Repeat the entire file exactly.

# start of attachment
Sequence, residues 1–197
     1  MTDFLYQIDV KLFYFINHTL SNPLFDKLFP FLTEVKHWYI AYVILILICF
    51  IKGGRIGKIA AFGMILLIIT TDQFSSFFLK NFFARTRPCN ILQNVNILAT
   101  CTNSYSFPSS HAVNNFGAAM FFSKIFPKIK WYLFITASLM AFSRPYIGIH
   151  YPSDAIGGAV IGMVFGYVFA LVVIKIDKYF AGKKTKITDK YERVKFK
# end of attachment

Sequence, residues 1–197
     1  MTDFLYQIDV KLFYFINHTL SNPLFDKLFP FLTEVKHWYI AYVILILICF
    51  IKGGRIGKIA AFGMILLIIT TDQFSSFFLK NFFARTRPCN ILQNVNILAT
   101  CTNSYSFPSS HAVNNFGAAM FFSKIFPKIK WYLFITASLM AFSRPYIGIH
   151  YPSDAIGGAV IGMVFGYVFA LVVIKIDKYF AGKKTKITDK YERVKFK